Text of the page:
Digg site admin Ron Gorodetzky discusses “how Digg has optimized its architecture to handle 26 million unique visitors a month.” Database management is the key, and those thumbnails are a bigger challenge than you might expect.
That slavery is also a heavy focus of optimization at Digg. They site is based on a LAMP stack, with MySQL and PHP doing most of the heavy lifting, said Gorodetzky. Since he’s been there right from the start, Gorodetzky had to work through the typical growing pains, particularly those related to MySQL replication.
“The first pain point we hit was just database stuff. The first thing you’ll notice is when you start to grow these queries, the database can’t commit as much time to committing a certain query as it used to,” said Gorodetzky. “You’ll find the normal things that work, suddenly don’t. You’ll find that, one day, you’ll see a spike in your graphs telling you that something’s going slower. Once you do that, you get to the point where the database part is as fast as it can be, you cache things. You scale out your Web server so you have more resources there, generally caching and doing less work per request.”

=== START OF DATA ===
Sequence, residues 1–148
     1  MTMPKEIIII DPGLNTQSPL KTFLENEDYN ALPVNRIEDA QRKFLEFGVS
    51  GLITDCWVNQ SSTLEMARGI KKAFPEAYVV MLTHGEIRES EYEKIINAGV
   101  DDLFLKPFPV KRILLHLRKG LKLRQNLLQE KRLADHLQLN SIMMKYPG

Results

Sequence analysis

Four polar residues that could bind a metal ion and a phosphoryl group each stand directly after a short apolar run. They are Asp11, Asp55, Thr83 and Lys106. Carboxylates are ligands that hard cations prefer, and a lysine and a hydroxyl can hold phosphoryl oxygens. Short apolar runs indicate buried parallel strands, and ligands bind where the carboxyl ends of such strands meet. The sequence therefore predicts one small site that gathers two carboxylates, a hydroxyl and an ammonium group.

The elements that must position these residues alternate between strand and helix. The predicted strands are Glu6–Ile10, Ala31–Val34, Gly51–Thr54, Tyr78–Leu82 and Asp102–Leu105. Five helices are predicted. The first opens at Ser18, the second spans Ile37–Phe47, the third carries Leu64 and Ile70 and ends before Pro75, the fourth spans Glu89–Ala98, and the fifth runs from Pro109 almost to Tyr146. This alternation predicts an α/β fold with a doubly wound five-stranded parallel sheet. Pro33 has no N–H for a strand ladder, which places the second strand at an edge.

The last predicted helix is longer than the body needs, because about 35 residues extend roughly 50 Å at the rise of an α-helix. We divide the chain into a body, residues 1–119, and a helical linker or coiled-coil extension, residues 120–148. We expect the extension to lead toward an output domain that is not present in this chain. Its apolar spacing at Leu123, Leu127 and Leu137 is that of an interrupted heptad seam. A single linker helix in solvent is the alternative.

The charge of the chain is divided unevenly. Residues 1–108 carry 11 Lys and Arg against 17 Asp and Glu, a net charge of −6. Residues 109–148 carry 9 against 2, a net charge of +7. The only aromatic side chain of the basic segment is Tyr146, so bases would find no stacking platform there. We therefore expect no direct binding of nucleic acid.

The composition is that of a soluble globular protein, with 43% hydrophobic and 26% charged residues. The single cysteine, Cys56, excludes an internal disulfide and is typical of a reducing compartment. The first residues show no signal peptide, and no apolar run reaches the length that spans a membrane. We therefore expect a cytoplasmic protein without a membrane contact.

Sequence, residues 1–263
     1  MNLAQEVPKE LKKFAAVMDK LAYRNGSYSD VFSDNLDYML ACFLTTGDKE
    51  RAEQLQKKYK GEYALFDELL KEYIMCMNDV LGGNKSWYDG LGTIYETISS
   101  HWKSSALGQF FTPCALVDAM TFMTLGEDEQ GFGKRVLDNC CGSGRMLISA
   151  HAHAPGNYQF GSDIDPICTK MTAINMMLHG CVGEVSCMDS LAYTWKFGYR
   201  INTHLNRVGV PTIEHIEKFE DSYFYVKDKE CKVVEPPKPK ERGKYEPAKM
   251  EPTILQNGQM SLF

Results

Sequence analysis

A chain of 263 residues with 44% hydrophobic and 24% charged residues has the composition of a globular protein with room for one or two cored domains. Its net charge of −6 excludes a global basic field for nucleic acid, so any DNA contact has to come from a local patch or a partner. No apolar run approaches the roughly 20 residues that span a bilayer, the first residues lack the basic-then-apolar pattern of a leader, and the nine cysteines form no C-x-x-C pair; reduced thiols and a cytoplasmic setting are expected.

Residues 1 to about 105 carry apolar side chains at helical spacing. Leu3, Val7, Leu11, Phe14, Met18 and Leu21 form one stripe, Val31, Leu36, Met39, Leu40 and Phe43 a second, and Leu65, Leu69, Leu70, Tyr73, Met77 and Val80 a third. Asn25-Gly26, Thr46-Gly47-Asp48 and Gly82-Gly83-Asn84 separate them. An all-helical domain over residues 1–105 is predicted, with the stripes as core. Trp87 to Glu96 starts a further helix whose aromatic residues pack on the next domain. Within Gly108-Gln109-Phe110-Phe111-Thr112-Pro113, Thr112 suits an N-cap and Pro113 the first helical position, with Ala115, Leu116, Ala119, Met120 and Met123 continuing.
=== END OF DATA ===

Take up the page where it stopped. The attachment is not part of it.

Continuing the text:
Another pain point along the road to success came when Digg decided to host images and video links accompanied by thumbnails of the linked visuals. Hosting all those thumbnails was actually a difficult problem to solve, said Gorodetzky.
“How do you deal with images? You can’t just use NFS. We use MogileFS for that,” said Gorodetzky. The MogileFS was originally created to run the file systems behind LiveJournal, but the Digg team has found it to be capable of scaling horizontally, something they had trouble achieving with NFS.